VIRGINIA BEACH, Va. — Much has been discussed on what to do with the Virginia Beach Dome site. Right now it's a vacant lot found near the Oceanfront, between 18th and 20th Streets.
For many, that's all they've ever known 10-acre site it to be; the land has been undeveloped for a quarter-century.
But before that, it used to be the location of a distinctly designed convention center that saw many famous musical acts over its history. The Alan B. Shepard Convention Center was built in 1958 as a geodesic dome auditorium. The name was later shortened to the Virginia Beach Civic Center but became best known by its unofficial name: The Dome.
For 35 years, The Dome saw many famous musical acts including Louis Armstrong, Jimi Hendrix, the Rolling Stones, and Ray Charles. The final act at The Dome? Three Dog Night on June 30, 1993.
But even years earlier, the city struggled with what to do with The Dome.
While it was considered an engineering marvel and the first building of its kind in the country when built in 1958, by the 1980s the city was looking for ways to improve and revitalize the aging golf-ball like structure. Plans to convert it into a bus and transportation center fell apart in 1986, and eventually, it was decided the best thing to do was to raze the structure and rebuild from scratch.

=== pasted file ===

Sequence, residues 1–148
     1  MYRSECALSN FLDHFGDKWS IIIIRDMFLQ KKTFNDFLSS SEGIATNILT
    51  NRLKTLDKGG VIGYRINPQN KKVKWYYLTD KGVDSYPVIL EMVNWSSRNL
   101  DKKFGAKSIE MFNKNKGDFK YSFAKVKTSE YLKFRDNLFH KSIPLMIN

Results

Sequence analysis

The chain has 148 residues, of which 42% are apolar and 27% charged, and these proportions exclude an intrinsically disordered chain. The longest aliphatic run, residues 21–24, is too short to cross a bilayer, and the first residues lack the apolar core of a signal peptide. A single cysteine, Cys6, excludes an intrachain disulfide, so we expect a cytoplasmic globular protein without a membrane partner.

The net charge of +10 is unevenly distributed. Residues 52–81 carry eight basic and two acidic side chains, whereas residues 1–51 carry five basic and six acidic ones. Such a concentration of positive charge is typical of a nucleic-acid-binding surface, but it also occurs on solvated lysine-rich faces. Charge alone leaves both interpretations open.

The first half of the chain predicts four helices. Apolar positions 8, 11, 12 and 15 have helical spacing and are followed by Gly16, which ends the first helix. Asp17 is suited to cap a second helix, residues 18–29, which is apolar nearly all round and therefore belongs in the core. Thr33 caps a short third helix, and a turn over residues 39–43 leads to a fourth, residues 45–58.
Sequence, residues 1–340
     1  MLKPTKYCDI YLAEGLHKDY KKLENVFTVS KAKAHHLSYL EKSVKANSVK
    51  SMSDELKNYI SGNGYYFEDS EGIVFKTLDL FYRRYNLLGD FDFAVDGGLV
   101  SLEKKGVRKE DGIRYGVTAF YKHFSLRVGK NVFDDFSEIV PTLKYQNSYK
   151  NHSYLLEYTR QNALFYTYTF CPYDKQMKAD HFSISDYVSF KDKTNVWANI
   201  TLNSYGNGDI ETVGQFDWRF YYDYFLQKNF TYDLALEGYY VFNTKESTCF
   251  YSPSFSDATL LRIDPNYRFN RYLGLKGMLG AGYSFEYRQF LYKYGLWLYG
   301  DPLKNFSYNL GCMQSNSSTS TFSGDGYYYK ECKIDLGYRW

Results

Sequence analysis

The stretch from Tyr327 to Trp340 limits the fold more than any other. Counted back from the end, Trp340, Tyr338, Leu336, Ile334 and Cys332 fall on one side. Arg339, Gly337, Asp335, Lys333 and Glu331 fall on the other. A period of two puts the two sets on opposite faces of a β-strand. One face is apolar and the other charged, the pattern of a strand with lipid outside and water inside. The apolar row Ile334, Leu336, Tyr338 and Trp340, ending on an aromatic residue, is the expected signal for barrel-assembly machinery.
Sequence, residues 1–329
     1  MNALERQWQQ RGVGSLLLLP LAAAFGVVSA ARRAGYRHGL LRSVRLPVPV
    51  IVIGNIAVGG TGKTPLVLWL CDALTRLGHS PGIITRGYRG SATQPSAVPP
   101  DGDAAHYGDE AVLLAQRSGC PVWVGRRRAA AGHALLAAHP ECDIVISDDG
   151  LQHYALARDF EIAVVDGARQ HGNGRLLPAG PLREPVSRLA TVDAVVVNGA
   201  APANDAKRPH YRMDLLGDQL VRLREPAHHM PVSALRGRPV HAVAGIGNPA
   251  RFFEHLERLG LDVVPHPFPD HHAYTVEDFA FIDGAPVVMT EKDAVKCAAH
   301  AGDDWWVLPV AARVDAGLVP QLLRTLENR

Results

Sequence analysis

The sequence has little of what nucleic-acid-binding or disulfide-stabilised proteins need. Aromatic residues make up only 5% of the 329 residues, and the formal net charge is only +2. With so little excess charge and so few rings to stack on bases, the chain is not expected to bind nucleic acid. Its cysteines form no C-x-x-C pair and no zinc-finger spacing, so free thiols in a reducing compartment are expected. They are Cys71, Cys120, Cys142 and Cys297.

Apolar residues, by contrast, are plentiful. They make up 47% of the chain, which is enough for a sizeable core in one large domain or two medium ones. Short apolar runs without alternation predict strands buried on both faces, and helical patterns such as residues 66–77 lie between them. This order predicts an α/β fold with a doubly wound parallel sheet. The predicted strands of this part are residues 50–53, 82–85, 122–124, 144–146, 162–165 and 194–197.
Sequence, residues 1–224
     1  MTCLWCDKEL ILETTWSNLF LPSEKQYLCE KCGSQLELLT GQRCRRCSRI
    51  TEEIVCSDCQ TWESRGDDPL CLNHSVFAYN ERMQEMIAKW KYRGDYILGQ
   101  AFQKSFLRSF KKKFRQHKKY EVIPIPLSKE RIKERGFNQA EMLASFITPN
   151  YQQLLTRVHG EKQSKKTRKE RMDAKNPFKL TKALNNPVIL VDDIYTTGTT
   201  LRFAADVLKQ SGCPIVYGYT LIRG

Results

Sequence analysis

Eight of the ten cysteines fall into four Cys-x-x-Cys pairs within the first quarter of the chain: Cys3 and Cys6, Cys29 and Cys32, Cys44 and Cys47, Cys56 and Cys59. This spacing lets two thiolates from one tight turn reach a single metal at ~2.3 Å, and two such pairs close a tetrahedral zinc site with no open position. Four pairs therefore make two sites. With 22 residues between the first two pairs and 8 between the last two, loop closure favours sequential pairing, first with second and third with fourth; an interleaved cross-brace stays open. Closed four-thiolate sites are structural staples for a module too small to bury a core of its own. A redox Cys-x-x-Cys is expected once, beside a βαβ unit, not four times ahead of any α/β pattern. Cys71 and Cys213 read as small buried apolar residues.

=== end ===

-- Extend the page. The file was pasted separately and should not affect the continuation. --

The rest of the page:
The Dome was demolished on September 9, 1994. In its place was dirt and gravel, and in the 25 years since, not much else has changed.
But city leaders are hopeful, as developer Venture Realty Group is working with Virginia Beach to turn the old Dome site back into an entertainment epicenter.
Plans are set to build a multi-use, residential and entertainment complex at the property. It would include a Wavegarden Surf Park, a state-of-the-art live entertainment venue that 3,500 people can fill, stores, restaurants and hundreds of residential units.
Originally, this idea was the brainchild of Pharrell Williams who wanted to develop a surf park near the Oceanfront. He partnered with Venture Realty to make turn it into a reality.
As the planning and approval process continues to make its way through city council and the Virginia Beach Development Authority, some hope that finally, after decades lying dormant, the fun and entertainment will return once again to the old Dome site.
History of The Dome: 1958-1994
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